Everyone loves a cocktail (or mocktail), and choosing one signature drink makes life easier for the hostess. Consider a crisp and refreshing pomegranate cocktail made with cold champagne and a splash of pomegranate juice. Or set out ingredients and let guests experiment with apple, pear, grape or even pineapple juice. Plan on at least three drinks per guest as most will alternate between wine, cocktails and water throughout the evening.
To give the open space just off the entry a purpose, yet keep the center of the area open for traffic flow in and out of this apartment, two pairs of ready-made bookshelves purchased from an office supply store were placed back-to-back to act as room dividers. On one side, a private office is separated from the formal dining space and family room on the other side. The apartment's walls were painted peacock blue, which helps the walls recede so that accents of white and apple green stand out.
Put a spin on the traditional holiday fruit basket by throwing all those delicious ingredients into a half gallon glass jar. Angie from The Country Chic Cottage recommends starting with apples and oranges. Add in mixed nuts, cranberries and other small fruits to fill in the gaps and add a pop of color. Add a tag and a festive ribbon, and you have a gift almost anyone will enjoy.
Beautiful blossoms and fragrance aside, some roses, which are related to apples, are highly prized for their plump, nutritious orange or red fruits (“hips”), and are often shared as rooted cuttings taken in the fall or winter, rather than as store-bought grafted plants. Rugosa roses are among the best for large, crabapple-like hips, though there are many others.
A cross between a cabbage plant and a turnip, rutabagas have a longer growing season than both of those (about four weeks longer) but the extra time is worth it. The flavor is sweet yet savory and milder than turnips. Try it in a root vegetable gratin, mashed with carrots or roasted with a topping of fresh parsley and apple cider vinegar.
Apple cider vinegar (ACV) helps neutralize the formic acid in bee venom (that’s what causes the stinging, burning sensation). Simply soak the stung body part in ACV, or soak a cloth with ACV and place it over the sting. Repeat every 15 minutes as necessary. With honey bee stings, remember to remove the stinger before applying ACV. Grab ACV for treating all kinds of bug bites beyond bee stings, as well as poison ivy rash. ACV helps relieve swelling and reduce itching thanks to potassium it contains.
English Rose 'Tranquillity' has beautifully rounded flowers with neatly placed petals, making up a perfect rosette. The buds are lightly brushed with red and yellow but as the flowers fully open the petals show as pure white. There is a light apple fragrance. 'Tranquillity' has excellent vigor and is very healthy. It is almost completely thornless. Grows to 4 feet tall x 3 feet wide, although it could easily grow taller if lightly pruned. Repeat-flowering. (David Austin 2012, Ausnoble).
‘Imogen,’ another shrub rose from English breeder David Austin, has a button eye, like most so-called Old Roses (a class of roses grown before hybrid teas debuted around 1867). Its lemon-yellow buds open to frilly flowers that gradually become cream-colored. Michael Marriott, an Austin rose expert, recommends growing it with soft blue and lilac perennial flowers. 'Imogen's' scent is a mix of fresh apple and almond with a touch of musk and cloves. Grow it in zones 5 to 9 and expect flowers from early summer till frost.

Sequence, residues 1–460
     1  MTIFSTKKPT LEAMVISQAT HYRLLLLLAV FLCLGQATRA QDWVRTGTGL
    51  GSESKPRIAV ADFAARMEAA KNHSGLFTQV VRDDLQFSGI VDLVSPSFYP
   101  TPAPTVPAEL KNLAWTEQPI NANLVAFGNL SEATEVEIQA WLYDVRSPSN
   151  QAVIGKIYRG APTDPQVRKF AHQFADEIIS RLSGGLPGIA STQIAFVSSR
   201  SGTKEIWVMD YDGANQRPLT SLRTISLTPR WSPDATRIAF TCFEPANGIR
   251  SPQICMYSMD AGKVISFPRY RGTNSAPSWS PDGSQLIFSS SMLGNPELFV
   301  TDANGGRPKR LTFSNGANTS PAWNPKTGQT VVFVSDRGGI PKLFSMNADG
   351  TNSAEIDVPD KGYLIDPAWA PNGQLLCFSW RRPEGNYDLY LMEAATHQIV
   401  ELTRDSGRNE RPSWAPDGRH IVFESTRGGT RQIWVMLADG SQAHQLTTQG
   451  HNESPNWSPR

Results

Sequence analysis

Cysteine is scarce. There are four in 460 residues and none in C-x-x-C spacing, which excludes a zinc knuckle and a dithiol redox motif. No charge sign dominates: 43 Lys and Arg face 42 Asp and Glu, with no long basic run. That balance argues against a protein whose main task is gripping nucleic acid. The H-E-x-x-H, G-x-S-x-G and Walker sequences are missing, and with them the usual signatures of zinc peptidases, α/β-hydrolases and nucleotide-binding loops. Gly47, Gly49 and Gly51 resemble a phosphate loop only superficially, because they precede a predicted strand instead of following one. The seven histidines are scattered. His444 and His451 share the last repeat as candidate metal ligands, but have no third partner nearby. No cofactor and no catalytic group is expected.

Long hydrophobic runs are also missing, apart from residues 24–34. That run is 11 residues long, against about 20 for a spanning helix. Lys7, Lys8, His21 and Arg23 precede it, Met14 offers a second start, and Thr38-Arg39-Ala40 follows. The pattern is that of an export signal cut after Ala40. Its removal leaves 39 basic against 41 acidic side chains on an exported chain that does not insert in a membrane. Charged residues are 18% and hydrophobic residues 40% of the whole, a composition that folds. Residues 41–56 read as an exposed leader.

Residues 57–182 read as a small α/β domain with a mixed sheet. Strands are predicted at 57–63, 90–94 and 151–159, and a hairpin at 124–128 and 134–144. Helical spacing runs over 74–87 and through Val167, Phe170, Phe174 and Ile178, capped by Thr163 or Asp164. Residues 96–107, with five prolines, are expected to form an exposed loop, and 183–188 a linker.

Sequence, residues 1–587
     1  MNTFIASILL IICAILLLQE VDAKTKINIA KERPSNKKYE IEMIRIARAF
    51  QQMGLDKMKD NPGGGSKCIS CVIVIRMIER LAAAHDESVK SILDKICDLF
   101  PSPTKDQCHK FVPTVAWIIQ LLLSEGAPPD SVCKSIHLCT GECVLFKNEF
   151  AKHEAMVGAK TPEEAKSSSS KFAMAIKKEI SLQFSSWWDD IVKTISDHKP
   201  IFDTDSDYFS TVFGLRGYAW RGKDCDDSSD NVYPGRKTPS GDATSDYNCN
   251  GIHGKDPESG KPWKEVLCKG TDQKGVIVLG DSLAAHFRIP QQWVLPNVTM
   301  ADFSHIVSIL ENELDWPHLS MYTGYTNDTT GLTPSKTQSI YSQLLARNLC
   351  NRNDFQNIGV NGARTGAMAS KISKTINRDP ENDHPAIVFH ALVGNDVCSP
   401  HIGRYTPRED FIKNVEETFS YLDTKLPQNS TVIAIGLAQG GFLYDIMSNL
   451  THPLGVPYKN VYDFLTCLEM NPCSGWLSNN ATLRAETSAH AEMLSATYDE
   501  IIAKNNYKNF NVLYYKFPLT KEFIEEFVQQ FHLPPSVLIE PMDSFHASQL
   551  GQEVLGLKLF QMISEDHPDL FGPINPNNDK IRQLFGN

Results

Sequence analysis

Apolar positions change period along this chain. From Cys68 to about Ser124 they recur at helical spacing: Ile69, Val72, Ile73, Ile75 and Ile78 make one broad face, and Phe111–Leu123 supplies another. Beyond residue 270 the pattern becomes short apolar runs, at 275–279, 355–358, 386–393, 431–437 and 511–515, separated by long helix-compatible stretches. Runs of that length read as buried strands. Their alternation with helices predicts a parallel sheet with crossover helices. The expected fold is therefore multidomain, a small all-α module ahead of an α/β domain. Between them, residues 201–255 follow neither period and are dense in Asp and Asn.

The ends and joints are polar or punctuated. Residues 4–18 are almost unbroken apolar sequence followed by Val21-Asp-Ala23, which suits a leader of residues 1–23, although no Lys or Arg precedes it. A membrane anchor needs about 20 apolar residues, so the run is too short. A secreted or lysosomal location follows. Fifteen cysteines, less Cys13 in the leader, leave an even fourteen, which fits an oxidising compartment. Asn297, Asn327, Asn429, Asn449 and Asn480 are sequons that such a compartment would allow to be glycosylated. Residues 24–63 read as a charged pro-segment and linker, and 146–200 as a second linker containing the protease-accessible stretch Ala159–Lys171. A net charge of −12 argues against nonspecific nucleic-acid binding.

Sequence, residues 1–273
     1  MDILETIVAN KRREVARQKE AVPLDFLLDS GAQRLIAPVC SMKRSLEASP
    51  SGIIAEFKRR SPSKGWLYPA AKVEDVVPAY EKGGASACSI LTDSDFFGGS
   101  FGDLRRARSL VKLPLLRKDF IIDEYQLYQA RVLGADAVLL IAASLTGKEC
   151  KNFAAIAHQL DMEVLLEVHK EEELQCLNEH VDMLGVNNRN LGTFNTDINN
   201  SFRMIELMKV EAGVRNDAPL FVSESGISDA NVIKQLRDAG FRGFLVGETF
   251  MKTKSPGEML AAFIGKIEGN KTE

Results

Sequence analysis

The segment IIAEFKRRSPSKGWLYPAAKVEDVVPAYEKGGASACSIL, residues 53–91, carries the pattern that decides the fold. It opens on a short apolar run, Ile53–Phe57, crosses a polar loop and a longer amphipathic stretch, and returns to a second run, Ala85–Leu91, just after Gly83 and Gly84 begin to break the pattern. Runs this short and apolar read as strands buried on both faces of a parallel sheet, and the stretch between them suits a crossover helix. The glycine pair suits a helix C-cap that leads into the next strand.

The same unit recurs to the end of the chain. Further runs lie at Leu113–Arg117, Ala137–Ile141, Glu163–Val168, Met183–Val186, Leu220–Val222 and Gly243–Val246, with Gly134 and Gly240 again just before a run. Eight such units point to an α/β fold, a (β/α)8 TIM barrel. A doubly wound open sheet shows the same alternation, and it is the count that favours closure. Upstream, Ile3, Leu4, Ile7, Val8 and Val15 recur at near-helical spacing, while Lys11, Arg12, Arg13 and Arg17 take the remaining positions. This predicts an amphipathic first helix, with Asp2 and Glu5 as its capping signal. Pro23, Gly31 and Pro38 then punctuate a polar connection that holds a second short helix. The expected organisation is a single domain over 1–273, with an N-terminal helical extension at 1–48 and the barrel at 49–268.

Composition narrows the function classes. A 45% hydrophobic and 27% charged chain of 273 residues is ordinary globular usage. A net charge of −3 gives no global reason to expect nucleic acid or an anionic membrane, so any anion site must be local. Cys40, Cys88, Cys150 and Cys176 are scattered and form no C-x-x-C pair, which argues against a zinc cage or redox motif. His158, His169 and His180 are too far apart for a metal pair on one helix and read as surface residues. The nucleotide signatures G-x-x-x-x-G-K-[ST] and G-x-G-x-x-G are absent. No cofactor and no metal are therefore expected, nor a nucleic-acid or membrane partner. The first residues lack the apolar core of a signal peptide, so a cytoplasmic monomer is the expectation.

Few plants offer so much sensory appeal as scented geraniums. The group includes a wide variety of foliage forms and plant sizes. Flowers tend to be smaller than traditional bedding plant geraniums. When crushed or rubbed, scented geranium leaves release their volatile oils. Fragrances include citrus blends, rose, peppermint, nutmeg, apple and cinnamon. The lemon scented varieties seem to possess the strongest skeeter-repelling characteristics. Scented geraniums make beautiful container plants. In cold zones, move plants indoors for winter or root cuttings to keep plants alive until spring.
To make this bouquet you'll need a large glass beer stein, a Collins glass, thin wood craft dowels, floral leaf ribbon and a selection of fresh fruits, veggies and flowers (listed in previous slide). Place the Collins glass inside the beer stein and fill the space between glasses with thin lime slices. With remaining limes and apples, remove produce stickers and insert the sharp end of the wood dowels at an angle into the bottom of the fruit. Line the Collins glass with leaf ribbon, fill with fresh water and arrange flowers and produce as desired. Tip: Cut stems at an angle and place immediately into water for long-lasting results.
Brown marmorated stink bug has been in the United States 20 years, and in that time it’s spread throughout the Mid-Atlantic, Upper Midwest and along the West Coast. Stink bugs attack many home garden crops, including beans, corn, tomatoes peppers, apples and raspberries. Their feeding wounds fruits and veggies, resulting in corky spots that are inedible. Stink bugs spend winter inside, invading home voids and attics. With their stinky personalities, these bugs stir up drama indoors when they emerge from hiding in hordes, usually in winter. In the garden, knock stink bugs into soapy water to kill them. Indoors, the same method works, or you can try vacuuming up the stinkers (which might make your vac stink). Another indoor option is using a dry-mop cleaning tool (think Swiffer-type) that you cover with duct tape, sticky side out. That device gives you reach to grab stink bugs climbing curtains, walls and ceilings.